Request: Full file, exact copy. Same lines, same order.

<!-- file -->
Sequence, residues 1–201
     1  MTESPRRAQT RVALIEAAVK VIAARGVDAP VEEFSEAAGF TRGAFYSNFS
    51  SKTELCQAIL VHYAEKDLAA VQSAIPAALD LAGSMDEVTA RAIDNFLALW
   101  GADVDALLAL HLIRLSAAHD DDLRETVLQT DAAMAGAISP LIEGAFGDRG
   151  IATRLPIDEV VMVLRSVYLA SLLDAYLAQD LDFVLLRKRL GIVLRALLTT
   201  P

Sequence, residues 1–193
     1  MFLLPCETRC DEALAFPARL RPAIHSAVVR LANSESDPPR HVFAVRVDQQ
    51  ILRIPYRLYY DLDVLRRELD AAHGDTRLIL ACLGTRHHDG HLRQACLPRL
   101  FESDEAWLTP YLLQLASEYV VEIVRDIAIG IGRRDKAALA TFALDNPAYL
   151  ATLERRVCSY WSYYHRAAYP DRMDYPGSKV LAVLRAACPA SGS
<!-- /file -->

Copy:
Sequence, residues 1–201
     1  MTESPRRAQT RVALIEAAVK VIAARGVDAP VEEFSEAAGF TRGAFYSNFS
    51  SKTELCQAIL VHYAEKDLAA VQSAIPAALD LAGSMDEVTA RAIDNFLALW
   101  GADVDALLAL HLIRLSAAHD DDLRETVLQT DAAMAGAISP LIEGAFGDRG
   151  IATRLPIDEV VMVLRSVYLA SLLDAYLAQD LDFVLLRKRL GIVLRALLTT
   201  P

Sequence, residues 1–193
     1  MFLLPCETRC DEALAFPARL RPAIHSAVVR LANSESDPPR HVFAVRVDQQ
    51  ILRIPYRLYY DLDVLRRELD AAHGDTRLIL ACLGTRHHDG HLRQACLPRL
   101  FESDEAWLTP YLLQLASEYV VEIVRDIAIG IGRRDKAALA TFALDNPAYL
   151  ATLERRVCSY WSYYHRAAYP DRMDYPGSKV LAVLRAACPA SGS